There are many medications not mentioned. Talk to your doctor which one is right for you. Keep in mind that some of these can be taken by mouth or injected through an IV access by a healthcare provider.

How to manage your symptoms with dietary modifications

Prevention is key to help with nausea. Your doctor may prescribe a medication to be taken 30 minutes to an hour before meals. However, there are ways to relieve nausea and vomiting without using medications:

  • Try eating small frequent snacks rather than large meals
  • Avoid high fat, greasy foods, especially before treatments
  • Avoid strong odors. Also pay attention to what smells trigger nausea for you
  • Do not lay flat for at least 2 hours after eating
  • Drink plenty of fluids, but avoid drinking liquids during meals
  • Always talk to your doctor first before trying any of alternative and complementary treatments
  • If you are vomiting, do not drink or eat for several hours to give your stomach time to heal. Start back on food slowly. Begin with small amounts of clear liquids like water or broths. Then advance to light, mild food like jello or toast. If you can eat that without vomiting, then you can try solid food.

Ask a dietitian for advice on the best food to eat during treatment and recovery. He or she can also recommend ways to help manage your symptoms that will best suit your lifestyle. Watch this video presentation by our registered dietitian Rachel Spencer for more information about nutritional help with nausea.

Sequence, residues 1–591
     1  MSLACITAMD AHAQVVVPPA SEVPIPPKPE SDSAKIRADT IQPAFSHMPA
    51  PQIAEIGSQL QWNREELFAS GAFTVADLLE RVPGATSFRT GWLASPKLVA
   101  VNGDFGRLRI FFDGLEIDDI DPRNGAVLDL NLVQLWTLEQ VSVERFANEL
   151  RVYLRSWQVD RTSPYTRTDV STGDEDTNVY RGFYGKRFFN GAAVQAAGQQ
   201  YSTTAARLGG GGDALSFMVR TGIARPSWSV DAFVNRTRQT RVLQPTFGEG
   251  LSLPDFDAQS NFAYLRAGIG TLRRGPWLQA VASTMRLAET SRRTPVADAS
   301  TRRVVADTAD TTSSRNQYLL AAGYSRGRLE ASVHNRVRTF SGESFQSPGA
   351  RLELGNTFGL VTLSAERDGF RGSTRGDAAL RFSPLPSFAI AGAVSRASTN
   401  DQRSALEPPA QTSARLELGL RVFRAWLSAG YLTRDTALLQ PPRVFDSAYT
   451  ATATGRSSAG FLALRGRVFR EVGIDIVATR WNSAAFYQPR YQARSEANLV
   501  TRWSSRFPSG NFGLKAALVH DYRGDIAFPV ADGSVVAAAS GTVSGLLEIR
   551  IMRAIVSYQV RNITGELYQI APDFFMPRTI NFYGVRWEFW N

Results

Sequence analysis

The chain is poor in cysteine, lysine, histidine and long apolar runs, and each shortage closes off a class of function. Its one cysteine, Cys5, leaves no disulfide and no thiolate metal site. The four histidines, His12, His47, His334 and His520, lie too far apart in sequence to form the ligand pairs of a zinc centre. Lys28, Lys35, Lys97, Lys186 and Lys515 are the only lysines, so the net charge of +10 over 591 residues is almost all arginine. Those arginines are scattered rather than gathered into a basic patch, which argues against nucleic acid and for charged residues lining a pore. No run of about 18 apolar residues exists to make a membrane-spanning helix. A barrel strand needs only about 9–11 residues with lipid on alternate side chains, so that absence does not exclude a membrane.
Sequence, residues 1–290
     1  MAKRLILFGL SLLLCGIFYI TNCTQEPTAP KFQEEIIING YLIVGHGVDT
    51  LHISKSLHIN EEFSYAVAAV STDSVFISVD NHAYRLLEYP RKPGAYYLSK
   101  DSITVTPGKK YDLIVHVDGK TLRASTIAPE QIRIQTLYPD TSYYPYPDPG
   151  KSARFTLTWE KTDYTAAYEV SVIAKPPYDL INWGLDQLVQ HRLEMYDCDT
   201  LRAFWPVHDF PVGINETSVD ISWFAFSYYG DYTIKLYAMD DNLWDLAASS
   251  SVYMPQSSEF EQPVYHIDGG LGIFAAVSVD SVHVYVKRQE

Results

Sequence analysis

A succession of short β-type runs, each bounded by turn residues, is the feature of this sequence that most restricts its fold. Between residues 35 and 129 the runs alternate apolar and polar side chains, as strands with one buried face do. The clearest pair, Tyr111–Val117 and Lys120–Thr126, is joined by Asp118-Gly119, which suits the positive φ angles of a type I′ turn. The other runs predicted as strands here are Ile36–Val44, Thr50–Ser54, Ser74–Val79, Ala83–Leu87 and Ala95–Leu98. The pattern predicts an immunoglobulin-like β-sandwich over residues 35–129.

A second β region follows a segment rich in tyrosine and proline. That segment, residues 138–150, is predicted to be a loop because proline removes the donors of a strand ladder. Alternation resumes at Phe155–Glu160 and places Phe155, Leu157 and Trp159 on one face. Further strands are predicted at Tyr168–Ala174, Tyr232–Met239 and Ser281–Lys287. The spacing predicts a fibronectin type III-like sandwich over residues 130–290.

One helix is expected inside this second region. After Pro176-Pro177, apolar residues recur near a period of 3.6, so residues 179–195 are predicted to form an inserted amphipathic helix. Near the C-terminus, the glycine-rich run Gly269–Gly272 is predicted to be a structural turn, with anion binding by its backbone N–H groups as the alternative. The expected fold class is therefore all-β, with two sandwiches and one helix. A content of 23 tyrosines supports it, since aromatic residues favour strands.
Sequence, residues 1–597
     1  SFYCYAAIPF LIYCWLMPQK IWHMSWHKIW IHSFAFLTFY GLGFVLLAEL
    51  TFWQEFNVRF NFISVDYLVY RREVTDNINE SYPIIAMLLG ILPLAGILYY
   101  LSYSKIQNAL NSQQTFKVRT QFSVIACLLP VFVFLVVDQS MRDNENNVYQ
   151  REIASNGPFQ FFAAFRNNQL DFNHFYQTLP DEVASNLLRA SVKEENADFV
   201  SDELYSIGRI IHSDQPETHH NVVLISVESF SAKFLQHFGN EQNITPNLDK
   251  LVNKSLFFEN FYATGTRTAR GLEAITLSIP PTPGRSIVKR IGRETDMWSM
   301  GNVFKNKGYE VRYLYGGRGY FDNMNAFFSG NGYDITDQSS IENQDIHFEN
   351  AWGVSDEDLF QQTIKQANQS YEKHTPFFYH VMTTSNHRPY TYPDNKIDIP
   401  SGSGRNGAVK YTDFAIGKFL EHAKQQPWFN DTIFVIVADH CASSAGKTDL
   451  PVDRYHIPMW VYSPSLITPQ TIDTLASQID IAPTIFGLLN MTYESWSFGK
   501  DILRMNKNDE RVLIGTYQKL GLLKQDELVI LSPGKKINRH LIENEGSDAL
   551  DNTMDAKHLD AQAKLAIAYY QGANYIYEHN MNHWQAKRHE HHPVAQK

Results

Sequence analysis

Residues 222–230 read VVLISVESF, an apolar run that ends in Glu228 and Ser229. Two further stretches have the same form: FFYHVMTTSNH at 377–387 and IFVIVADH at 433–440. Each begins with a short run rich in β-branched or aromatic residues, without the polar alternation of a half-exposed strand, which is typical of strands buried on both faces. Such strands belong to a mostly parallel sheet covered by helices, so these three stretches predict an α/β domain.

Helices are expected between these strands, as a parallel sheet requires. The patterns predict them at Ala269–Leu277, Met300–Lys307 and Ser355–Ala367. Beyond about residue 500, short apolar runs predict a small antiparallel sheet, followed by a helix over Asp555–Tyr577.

When to contact your healthcare provider

Nausea and vomiting can be caused by medical conditions unrelated to your cancer and treatments. So, it is important to contact your doctor if:

  • You are not getting relief despite medications and careful dietary  modifications
  • You are vomiting 4 or more times in a 24-hour period
  • You have abdominal pain before nausea and vomiting occurs
  • You are bothered by the side effects of your medications 

Treatments are individualized to your signs and symptoms and lifestyle. Do not let nausea ruin your road to recovery. Talk to your healthcare team today about what works best for you. Our experts at OncoPower can help you get started.

Cancer fatigue versus normal fatigue

In general, everyone gets tired. Then, we go to sleep and feel better. Fatigue is an unusual tiredness that can profoundly affect your quality of life. It can last up to several weeks or longer. Cancer fatigue goes beyond that- it affects you physically, emotionally, and mentally. It usually comes on suddenly and no amount of sleep can help restore your energy. It is important to know that you are not suffering alone. Cancer related fatigue affects 80% to 100% of people with cancer.

What causes fatigue in cancer

The exact reason for cancer related fatigue is unknown. However, it may be related to several causes: